I finished my progress book for Madoka Kaname yesterday and while I was getting critique, one of international cosplay friends commented that they had never seen one before. In the UK they’re quite common now to go with competitions; most major competitions (including both European Cosplay Gathering and World Cosplay Summit qualifiers) now require progress books, and many local competitions encourage you to submit one too.
I think they’re a great little momento for cosplayers to make and keep, especially for bigger costume projects! Most events will give you your books back so it’s a nice keepsake and chronicle of how you made your costume and they’re great if you want to share them and show your construction to others.
My first progress book was for Eiko Carol, which was very well received by the judges. It was a lot of fun designing it to match my costume.
Cosplay Progress Books
So… what are they?
They’re basically cosplay scrapbooks to show how you made your costume, the standard of construction, what sort of considerations you made, which techniques were used, etc. They’re also used as proof to show you made the costume yourself rather than buying something and cheating in competitions (which is more common than you’d think, sadly).
What are they used for?
Progress books normally go with competition costumes. In the UK you usually have at between 2-5 minutes to explain your costume to the judges, and you usually have access to your book throughout that time. If you have your book in front of you, you can reference it when speaking and point out progress images to help explain your costume better. It also helps if you forget to mention something or don’t have time that everything is already written down, which is a huge bonus if you’re a nervous speaker.
What should I include in one?
Well, anything you want really, as long as it’s relevant and doesn’t drag. Judges don’t have a long time to browse books, so keep it concise.
Things to Consider
I’ve made a few now and I have judged many, so here is some advice I can give from both a cosplayer and a judges’ point of view. People get progress books either very right or very wrong, so here’s a few things to consider before making yours;
When working, photograph everything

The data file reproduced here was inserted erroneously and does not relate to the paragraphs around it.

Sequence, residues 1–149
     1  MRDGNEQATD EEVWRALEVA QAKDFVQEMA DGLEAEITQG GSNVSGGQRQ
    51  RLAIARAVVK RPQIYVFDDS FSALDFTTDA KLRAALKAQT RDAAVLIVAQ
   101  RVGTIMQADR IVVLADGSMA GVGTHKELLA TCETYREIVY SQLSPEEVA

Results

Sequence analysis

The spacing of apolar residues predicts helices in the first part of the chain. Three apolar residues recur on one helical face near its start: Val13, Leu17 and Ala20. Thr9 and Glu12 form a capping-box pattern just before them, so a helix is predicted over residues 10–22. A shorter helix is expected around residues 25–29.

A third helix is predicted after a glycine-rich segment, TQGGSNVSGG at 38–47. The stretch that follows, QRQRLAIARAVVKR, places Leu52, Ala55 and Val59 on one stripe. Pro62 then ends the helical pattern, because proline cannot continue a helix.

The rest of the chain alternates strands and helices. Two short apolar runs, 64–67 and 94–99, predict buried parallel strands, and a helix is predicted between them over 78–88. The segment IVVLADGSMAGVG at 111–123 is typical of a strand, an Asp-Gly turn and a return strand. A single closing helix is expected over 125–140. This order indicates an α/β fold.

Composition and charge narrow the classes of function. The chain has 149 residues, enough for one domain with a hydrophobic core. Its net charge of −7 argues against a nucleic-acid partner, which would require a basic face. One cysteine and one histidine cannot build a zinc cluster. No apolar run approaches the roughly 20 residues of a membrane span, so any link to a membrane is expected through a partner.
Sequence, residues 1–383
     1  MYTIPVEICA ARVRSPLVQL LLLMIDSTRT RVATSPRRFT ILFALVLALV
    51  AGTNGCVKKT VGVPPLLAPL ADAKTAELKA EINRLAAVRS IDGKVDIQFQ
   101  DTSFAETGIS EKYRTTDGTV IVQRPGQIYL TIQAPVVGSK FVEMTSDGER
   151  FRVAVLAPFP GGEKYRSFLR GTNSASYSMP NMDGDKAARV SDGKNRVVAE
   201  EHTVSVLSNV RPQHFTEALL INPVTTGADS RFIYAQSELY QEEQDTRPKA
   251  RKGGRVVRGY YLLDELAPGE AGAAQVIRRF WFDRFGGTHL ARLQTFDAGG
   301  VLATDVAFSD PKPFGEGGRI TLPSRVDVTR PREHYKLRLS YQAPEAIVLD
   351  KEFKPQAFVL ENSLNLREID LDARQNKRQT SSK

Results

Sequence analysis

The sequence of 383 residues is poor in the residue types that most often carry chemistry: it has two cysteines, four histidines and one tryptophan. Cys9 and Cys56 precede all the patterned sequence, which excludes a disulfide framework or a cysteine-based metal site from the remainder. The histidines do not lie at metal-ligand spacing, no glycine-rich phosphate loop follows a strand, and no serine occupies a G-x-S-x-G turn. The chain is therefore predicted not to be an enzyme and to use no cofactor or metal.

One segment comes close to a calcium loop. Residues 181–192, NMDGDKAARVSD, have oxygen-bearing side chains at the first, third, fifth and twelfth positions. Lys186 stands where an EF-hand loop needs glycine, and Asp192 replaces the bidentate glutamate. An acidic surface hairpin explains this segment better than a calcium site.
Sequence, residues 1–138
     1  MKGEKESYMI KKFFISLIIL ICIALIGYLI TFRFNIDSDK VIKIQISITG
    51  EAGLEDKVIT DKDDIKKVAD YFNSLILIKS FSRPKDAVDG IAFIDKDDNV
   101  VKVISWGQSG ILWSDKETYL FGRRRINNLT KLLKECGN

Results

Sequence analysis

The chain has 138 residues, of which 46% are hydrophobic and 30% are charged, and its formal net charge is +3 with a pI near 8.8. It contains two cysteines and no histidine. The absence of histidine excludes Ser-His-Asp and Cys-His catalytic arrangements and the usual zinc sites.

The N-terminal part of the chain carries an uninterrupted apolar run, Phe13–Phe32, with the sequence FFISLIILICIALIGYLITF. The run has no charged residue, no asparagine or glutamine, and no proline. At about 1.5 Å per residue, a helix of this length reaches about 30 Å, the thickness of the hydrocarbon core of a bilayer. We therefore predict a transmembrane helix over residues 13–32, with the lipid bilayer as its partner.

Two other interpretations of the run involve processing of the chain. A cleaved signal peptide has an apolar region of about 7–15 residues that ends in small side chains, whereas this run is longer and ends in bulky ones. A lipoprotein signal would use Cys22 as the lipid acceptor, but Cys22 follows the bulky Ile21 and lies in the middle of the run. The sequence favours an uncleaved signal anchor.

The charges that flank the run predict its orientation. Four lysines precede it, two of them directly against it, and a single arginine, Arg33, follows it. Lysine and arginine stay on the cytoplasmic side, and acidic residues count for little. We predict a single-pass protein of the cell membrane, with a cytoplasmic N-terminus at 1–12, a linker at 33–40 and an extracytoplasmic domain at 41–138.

I can’t emphasise this enough. Photograph everything. Photograph patterning, fabric choices, shoes, everything! You won’t use it all but it will come in very handy when you put your book together to have too much choice than not enough.
Make something unique
If your progress book looks interesting, it stands out from the crowd. See if you can customise the look of the book to match your costume somehow, like a diary or handbook. A little extra effort makes a big difference and it shows you have dedicated enough time to do it “properly”.
Make it short and sweet
Judges have very little time to read books thoroughly so you need to cram as much information in as little space as possible. I usually keep my work per costume piece to no more than two A5 pages and no more than 30 images total. It’s very handy to organise things as pictorials or in order where possible so it’s easier for judges to understand on first glance.
Make it easy to read
Everyone loves cramming books with details but lots of these competitions are international and English might not be the judges first language, so you need to consider that. Short, simple sentences will explain your work much better than huge paragraphs. You can always explain key parts in more detail in person – use the book as a prompt!
Make it yourself
Try and make your own book or use a folder instead of using a bought notebook if possible. Empty pages make the content you have included look much less impressive. It takes no time to sew some pages together or to grab a stapler!
Progress books are important, so don’t rush them. Take your time and choose what you’re putting in carefully. The book itself won’t be judged and will not influence your scores, but they are very helpful for judges to see what sort of effort you put into your work and they can definitely add or deduct points when evaluating your costume.
Don’t sweat the small stuff
You don’t need to cram your book full of every little detail. Include blurbs and photos of the details that are most important and that you’re most proud of and they’ll stand out. Ignore the parts that are inaccurate or caused you problems – don’t mention them and judges are less likely to focus on them.
Don’t rely on your progress book
You need to know your costume inside out when presenting to the judges, and judges might not have time to go over everything in your book. Reference your book as much as you like but make sure you explain your costume first and foremost. The book is there to help, not to do the hard work for you!
I could go on and on, but I think that’s the basics covered! Take your time and enjoy putting your progress together. A progress book is a summary of your costume’s journey from start to finish – it’s nice to go back over every little detail and see the effort you’ve put in!
Some books I have seen have been incredible handcrafted pieces just as impressive as the costumes themselves – stained pages, leather binding, plush covers to match costumes – you can do so much with progress books, all it takes is a little creativity!
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